The disabled, homeless population in Hong Kong

Homeless and Disabled

In bad shape

The majority of beggars I’ve seen on the streets are disabled in some way. I am now even seeing a few who perform music on the streets – a man with a bad leg who plays the flute and a woman in a wheelchair who sings karaoke, the machine strapped in front of her. I couldn’t decide which was worse – do they feel as though they’re enough of a spectacle already without needing to put on a song and dance for their dinner, or is doing something for money an empowering display of agency on their part? Do they believe that they’ll get more funds if they do something like perform, or is this a matter of pride, and not wanting something for nothing? (Research shows that only 13% of the more than 30% of elderly impoverished are on social security despite being eligible due to the fact that they don’t want what they perceive as handouts.)

Floutist

I’ve been wondering about this for awhile and I haven’t come up with much information on it, but I finally found a small blurb in an article I’m reading for my paper that sheds a bit of light. I will grudgingly admit that while the LAST THING I want to be doing is writing a research paper in an amazing city with limited resources, it’s still pretty cool to find these bits of information while I’m still here to actively wonder about them all the time.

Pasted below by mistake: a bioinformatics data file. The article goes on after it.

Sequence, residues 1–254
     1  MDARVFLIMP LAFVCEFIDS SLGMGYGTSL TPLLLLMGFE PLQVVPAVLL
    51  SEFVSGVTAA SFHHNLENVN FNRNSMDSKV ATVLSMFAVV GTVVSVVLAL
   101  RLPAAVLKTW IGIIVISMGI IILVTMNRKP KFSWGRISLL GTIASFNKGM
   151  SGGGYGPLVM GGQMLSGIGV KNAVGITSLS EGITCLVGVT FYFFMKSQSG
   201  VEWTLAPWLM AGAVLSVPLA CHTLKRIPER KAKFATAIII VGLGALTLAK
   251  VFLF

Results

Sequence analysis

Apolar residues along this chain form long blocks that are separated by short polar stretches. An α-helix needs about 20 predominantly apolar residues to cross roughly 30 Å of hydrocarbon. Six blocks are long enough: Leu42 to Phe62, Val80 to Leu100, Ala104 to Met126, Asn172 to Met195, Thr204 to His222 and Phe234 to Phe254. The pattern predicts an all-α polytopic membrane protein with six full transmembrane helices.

The welfare sector has been hardest-hit by the budget stringency that followed [Referring to measures taken in response to the Asian financial crisis and the resulting recession]. After 1998, the government stopped preparing regular blueprints for the development of welfare programmes, which identified service needs, set detailed targets and deadlines and gave the public as well as officials the information needed to assess progress. Policy is no longer based on surveying service shortfalls, qualifying the population’s needs and allocation resources to fill the gaps, and the long-term consequences have been tragic for Hong Kong’s most vulnerable groups. Average waiting times for admission to residential facilities, for example, are alarming, Government statistics include:

  • “severely mentally handicapped persons”, almost seven years (2007 data);
  • “severely physically handicapped persons”, almost nine years (2008 data);
  • the elderly: nursing homes, 42 months; care-and-attention homes, 32 months (2008 data).

The full article: Politics and Poverty in Cash Rich Hong Kong by Leo Goodstadt

And the more extensive report is located here.

He's here in this spot everyday, in front of the subway entrance in Mong Kok